Recent news reports on the river Kaveri might focus on the dispute between Tamil Nadu, Karnataka and Kerala on the sharing of its waters, but there was a time when the river was revered in the areas it flowed through, when it played an important role in the socio-cultural fabric of the people on its banks, and when its banks fostered empires. Former professor of English and Chennai resident Padma Seshadri’s passion for river stories, combined with some pleasant childhood memories of the river, led her to collaborate with her colleague in the department of English at Chennai’s Stella Maris College, Padma Malini Sundararaghavan, to write a book on the once-mighty river. Titled It Happened along the Kaveri:
A Journey through Space and Time, the book explores the myths and legends, history and culture of the territories the 802 km-long river flows through.
Seeing the retired professors at the release of the book in Bangalore, two seemingly gentle souls clad in silk saris, one more frail than the other, it is hard to imagine them as intrepid explorers traversing the length of the river. “But when we set out to research and write book in the late 1990s, we were much younger — we travelled by car, train and bus, and we hauled our own luggage,” says 66-year-old Sundara-raghavan, laughing. Unlike Alice Albinia, author of The Empires of the Indus, who travelled along the river from Pakistan to Tibet, the two adopted a different approach. The first leg of their journey was not at the source of the river in Coorg in Karnataka but from Trichy, or Tiruchirappalli in Tamil Nadu, to Poompuhar on the coast, the latter once “an internationally important trading centre” and ancient port now reduced to “an artificially erected showpiece” where the river becomes a trickle in the dry season.
Their travels in Karnataka happened in spurts, at different times, sometimes with friends and family, or even with their students.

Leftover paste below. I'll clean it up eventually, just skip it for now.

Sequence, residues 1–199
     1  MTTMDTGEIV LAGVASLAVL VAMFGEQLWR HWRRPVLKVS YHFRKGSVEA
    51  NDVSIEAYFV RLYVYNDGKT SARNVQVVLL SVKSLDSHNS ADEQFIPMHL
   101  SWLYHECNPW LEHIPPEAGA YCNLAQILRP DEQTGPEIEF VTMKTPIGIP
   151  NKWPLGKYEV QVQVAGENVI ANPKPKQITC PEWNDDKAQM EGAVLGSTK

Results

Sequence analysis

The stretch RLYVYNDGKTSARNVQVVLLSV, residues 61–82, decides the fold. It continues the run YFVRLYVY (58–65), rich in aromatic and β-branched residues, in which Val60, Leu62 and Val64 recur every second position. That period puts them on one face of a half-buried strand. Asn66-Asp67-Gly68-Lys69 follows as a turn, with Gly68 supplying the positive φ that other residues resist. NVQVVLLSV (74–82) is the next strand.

An important source for their research was the gazetteers brought out when the British ruled India. “We went through the gazetteers of all the districts through which the Kaveri flowed,” says Sundararaghavan. Other sources include archaeological reports, archives and epigraphy. “The idea was to travel along the Kaveri but, while researching, we realised that there is no one book that combines history, mythology, epigraphy and biography, etc . So we decided we should write one.” Even the travelogues in the book are not the kind that will tell you where to stay and what to eat. “We wanted to make the history and mythology come alive,” says the author.
A lot of the book is indeed dominated by the shrines that dot the banks of the river, mythological stories and sthalapuranas (the story of a place). That the authors feel a certain reverence for the river is palpable in these sections. The historical narratives, another important constituent of the book, throw up quite a few vignettes of interest. Some of the stories about Hyder Ali and Tipu Sultan even dispel the image of the rulers as merciless destroyers of temples. According to one such story, a procession of Lord Ranganatha was attacked when it went past a mosque, and the Hindus complained to Ali who advised them to hit back. They did so, to the surprise of the Muslims, and the mullah took up the issue with Ali, who merely asked him whether they had attacked first. When the imam replied in the affirmative, Ali told him that he should then have been prepared for retaliation. Ali was also reportedly moved to spare the lives of the Kodava people of Coorg because the first two heads of Kodavas brought to him by his soldiers had such fine features. Following the river to Tamil Nadu, it is the story of the erstwhile kingdom of Cholamandalam that takes up the bulk of this section, as the river has a multitude of channels in the region known for its rich cultural heritage and history.
The authors consciously decided not to include the problem of pollution of the river in the main book, confining it to the afterword. “We did not want to spoil the happiness of the travel,” says Sundararaghavan, candidly. They steered clear of the inter-state dispute over the river’s waters. “But neither state can lay claim to it,” she says. “All the people living along a river have a right to it.”